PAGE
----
Chap. v. treats of the laws concerning interest, which have nothing in common with the laws concerning shomer ḥinnam beyond the fact that taking interest and cheating ("onaah" of chap. iv.) both consist of an illegal addition to what is actually due. The laws prohibiting the taking of interest are very severe, and extend to all business transactions that in any way resemble the taking of interest. The two terms for taking interest, "neshek" (interest) and "tarbit" (increase), used in the Pentateuch (Lev. xxv. 36) are explained and illustrated by examples (v. 1-10). According to the Mishnah "the lender, who takes interest, the borrower who pays it, the witnesses, the security, and the clerk who writes the document, are all guilty of having broken the law concerning interest" (v. 11). See also under Usury.Shomer Sakar ("a paid trustee," chaps. vi.-vii.): Paid Trustee.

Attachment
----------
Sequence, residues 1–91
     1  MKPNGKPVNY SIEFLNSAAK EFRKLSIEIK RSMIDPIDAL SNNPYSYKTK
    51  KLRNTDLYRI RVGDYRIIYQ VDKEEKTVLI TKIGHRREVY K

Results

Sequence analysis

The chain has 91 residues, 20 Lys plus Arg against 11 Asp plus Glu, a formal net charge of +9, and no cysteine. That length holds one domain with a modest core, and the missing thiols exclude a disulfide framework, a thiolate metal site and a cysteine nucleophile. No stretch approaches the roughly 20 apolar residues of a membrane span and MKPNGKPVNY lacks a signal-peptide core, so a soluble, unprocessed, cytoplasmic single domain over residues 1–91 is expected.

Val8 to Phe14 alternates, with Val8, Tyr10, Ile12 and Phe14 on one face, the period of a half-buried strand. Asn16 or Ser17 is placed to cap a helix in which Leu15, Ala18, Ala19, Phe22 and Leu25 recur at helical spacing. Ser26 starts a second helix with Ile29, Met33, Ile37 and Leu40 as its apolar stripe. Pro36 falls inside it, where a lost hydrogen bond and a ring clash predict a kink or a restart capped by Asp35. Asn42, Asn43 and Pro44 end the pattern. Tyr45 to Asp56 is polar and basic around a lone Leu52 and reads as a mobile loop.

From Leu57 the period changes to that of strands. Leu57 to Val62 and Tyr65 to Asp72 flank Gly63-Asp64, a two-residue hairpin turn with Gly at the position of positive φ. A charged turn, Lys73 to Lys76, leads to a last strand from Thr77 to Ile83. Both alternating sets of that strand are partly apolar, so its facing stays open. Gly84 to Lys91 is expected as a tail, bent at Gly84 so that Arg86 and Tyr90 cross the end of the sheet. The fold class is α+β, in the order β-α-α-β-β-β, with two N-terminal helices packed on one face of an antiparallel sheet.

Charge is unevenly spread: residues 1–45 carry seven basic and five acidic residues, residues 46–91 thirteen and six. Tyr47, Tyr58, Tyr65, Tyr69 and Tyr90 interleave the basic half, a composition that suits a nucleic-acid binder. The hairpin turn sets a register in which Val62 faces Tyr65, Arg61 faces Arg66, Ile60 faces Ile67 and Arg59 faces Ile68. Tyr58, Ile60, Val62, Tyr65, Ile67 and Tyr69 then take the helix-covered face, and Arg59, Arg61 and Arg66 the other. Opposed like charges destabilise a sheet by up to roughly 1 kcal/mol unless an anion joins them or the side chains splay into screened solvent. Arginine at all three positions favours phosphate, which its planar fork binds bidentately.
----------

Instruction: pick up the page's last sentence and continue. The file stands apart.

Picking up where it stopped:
He is liable to pay for all losses except those caused by an accident ("ones"). He has to swear that such an accident happened, and is thereupon free from payment (vii. 8-10). The example given in the Mishnah of shomer sakar is that of an artisan who undertakes to produce certain work out of a given material. If the material is spoiled, or the work producedis not according to agreement, he has to pay. As the hirer ("soker") has the same liability as the shomer sakar, some laws relating to the soker are included in chap. vi. From the paid trustee the Mishnah passes over (in chap. vii.) to the workman ("po'el") in general, and regulates the working time, the food, and also the rights of the workman to partake of the fruit of the field or vineyard while working there (Deut. xxiii. 25, 26).Shoel ("borrower," chap. viii. 1-3): Borrowing and Hiring.
He is liable to pay for every kind of loss, including loss through accident, except "if the lender is with him" (Ex. xxii. 14); that is, according to the traditional interpretation, if the lender was likewise at work with him, for payment or without payment.Soker ("hirer," chap. viii. 6):